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Lutzeier v. Citigroup Inc.

United States District Court, E.D. Missouri, Eastern Division

March 2, 2015

FRED LUTZEIER, Plaintiff,
v.
CITIGROUP INC., et al., Defendants.

MEMORANDUM AND ORDER

RONNIE L. WHITE, District Judge.

This matter is before the Court on Defendants' Partial Motion to Dismiss the First Amended Complaint and Motion to Strike (ECF No. 46)[1] and Plaintiffs Motion to Strike Defendants' Affirmative Defenses and Alternative Motion for More Definite Statement and Incorporated Memorandum of Law in Support (ECF No. 53).

BACKGROUND

Plaintiff contends he was a whistleblower who was terminated by Defendants in violation of the Sarbanes-Oxley ("SOX") Act and the Dodd-Frank Act, as well as claims for violation of the Missouri public policy exception to wrongful discharge, and for age discrimination in violation of the Missouri Human Rights Act. Plaintiff alleges that he was employed as a director in the Internal Audit Group ("IA Group") in Citigroup Management Corp.'s ("CMC") offices in O'Fallon, Missouri from February 27, 2012 to February 25, 2013. On February 25, 2013, Plaintiffs employment with CMC was terminated, effective April 26, 2013. Defendants claim that Plaintiff was terminated as part of a global reorganization of the IA Group and based upon the location of his position and his "relatively brief' tenure at CMC.

DISCUSSION

I. Motion to Dismiss the First Amended Complaint and Motion to Strike

A. Standard of Review for a Motion to Dismiss

In ruling on a motion to dismiss, the Court must view the allegations in the Complaint liberally in the light most favorable to Plaintiff. Eckert v. Titan Tire Corp., 514 F.3d 801, 806 (8th Cir. 2008) (citing Luney v. SGS Auto Servs., 432 F.3d 866, 867 (8th Cir. 2005)). Additionally, the Court "must accept the allegations contained in the complaint as true and draw all reasonable inferences in favor of the nonmoving party." Coons v. Mineta, 410 F.3d 1036, 1039 (8th Cir. 2005) (citation omitted). To survive a motion to dismiss, a complaint must contain "enough facts to state a claim to relief that is plausible on its face." Bell Atl. Corp. v. Twombly, 550 U.S. 544, 570 (2007) (abrogating the "no set of facts" standard for Fed.R.Civ.P. 12(b)(6) found in Conley v. Gibson, 355 U.S. 41, 45-46 (1957)). While a complaint attacked by a Rule 12(b)(6) motion to dismiss does not need detailed factual allegations, a plaintiff's obligation to provide the grounds of his entitlement to relief "requires more than labels and conclusions, and a formulaic recitation of the elements of a cause of action will not do." Twombly, 550 U.S. at 555; Huang v. Gateway Hotel Holdings, 520 F.Supp.2d 1137, 1140 (E.D. Mo. 2007).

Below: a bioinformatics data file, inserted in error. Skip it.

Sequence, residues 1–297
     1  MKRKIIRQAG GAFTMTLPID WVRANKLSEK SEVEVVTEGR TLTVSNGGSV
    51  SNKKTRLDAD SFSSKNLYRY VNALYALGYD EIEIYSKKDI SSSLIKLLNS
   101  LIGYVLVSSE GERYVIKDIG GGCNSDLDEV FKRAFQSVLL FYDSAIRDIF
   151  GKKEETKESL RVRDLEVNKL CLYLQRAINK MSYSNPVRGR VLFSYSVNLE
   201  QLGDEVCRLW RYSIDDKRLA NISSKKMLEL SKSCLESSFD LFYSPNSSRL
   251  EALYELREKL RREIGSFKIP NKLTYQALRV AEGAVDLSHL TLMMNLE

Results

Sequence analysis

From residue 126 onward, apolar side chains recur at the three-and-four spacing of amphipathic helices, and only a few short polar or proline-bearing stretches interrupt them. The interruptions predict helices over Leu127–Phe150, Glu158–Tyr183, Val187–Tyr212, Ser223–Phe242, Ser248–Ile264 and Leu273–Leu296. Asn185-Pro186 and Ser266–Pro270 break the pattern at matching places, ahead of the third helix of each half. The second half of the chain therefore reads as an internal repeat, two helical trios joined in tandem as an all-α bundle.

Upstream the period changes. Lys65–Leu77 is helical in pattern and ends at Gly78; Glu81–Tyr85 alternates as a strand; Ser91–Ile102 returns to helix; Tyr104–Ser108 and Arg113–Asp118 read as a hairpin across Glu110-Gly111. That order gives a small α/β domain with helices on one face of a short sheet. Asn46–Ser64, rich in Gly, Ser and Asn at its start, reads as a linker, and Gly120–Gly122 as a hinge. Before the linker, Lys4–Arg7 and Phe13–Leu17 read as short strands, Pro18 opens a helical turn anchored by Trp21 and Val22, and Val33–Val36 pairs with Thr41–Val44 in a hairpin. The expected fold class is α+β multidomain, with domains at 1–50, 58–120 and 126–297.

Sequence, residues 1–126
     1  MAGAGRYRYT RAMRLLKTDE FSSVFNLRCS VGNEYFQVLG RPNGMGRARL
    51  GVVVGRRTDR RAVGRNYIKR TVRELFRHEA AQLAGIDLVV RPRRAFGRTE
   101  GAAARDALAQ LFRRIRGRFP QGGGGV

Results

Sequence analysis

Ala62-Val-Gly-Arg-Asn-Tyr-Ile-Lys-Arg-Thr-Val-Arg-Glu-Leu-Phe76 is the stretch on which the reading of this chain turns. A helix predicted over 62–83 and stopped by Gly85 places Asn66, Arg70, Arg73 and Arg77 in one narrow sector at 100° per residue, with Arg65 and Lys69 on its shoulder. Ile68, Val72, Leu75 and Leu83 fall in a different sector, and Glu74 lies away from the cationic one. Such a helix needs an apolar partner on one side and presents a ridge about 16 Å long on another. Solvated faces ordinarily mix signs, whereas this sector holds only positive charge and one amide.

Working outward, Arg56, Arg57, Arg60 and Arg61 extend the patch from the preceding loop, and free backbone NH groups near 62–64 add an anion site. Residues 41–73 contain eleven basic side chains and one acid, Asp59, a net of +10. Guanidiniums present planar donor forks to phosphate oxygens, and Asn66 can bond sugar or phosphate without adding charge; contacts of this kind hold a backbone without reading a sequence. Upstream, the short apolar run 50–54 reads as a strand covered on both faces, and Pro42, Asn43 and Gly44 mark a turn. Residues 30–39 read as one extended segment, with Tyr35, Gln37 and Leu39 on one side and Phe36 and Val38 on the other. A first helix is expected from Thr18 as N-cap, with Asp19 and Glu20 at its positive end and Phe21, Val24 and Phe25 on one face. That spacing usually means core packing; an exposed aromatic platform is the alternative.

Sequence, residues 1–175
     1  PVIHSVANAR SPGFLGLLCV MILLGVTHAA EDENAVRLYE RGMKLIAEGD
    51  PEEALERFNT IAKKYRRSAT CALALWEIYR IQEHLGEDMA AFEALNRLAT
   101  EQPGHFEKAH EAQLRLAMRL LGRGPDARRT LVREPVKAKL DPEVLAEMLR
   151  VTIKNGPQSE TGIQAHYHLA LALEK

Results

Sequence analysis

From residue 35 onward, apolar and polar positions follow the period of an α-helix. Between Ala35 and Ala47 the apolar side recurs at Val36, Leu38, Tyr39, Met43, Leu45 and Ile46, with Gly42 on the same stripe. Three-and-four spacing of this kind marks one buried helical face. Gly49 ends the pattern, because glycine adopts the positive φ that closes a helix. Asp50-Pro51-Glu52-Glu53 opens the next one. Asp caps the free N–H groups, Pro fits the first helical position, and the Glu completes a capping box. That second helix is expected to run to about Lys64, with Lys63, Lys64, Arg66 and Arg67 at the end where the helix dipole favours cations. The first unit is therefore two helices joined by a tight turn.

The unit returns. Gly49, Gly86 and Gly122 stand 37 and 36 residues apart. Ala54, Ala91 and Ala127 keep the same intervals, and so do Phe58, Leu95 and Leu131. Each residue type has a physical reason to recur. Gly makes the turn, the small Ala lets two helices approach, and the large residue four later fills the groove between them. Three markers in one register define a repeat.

B. Whistleblower under Frank Dodd

Lutzeier purports to bring a whistleblower claim under 15 U.S.C. § 78u-6(h), a provision of the Dodd-Frank Act that protects employees from retaliation for certain whistleblowing activities and disclosures. The Dodd-Frank Act amended the Securities and Exchange Act of 1934, 48 Stat. 881, as amended, 15 U.S.C. § 78a et seq., to provide incentives for whistleblowers to report to the SEC in the form of a "bounty" program, through which whistleblowers may receive financial awards from the SEC for providing the SEC with original information relating to violation of the securities laws. Bussing v. COR Clearing, LLC, No. 8:12-CV-238, 2014 WL 2111207 (D. Neb. May 21, 2014)(citing 15 U.S.C. § 78u-6(b)-(g)).[2] The Dodd-Frank Act also created a private cause of action for certain individuals whose employers retaliate against them for taking certain protected actions. 15 U.S.C. § 78u-6(h). The parties dispute whether the anti-retaliation provision is applicable to this case. The anti-retaliation provision of the Dodd-Frank Act provides:

No employer may discharge, demote, suspend, threaten, harass, directly or indirectly, or in any other manner discriminate against, a whistleblower in the terms and conditions of employment because of any lawful act done by the whistleblower -
(i) in providing information to the Commission in accordance with this section;
(ii) in initiating, testifying in, or assisting in any investigation or judicial or administrative action of the Commission based upon or related to such information; or
(iii) in making disclosures that are required or protected under the Sarbanes-Oxley Act of 2002 (15 U.S.C. 7201 et seq.), this chapter, including section 78j-l(m) of this title, section 1513(e) of Title 18, and any other law, rule, ...

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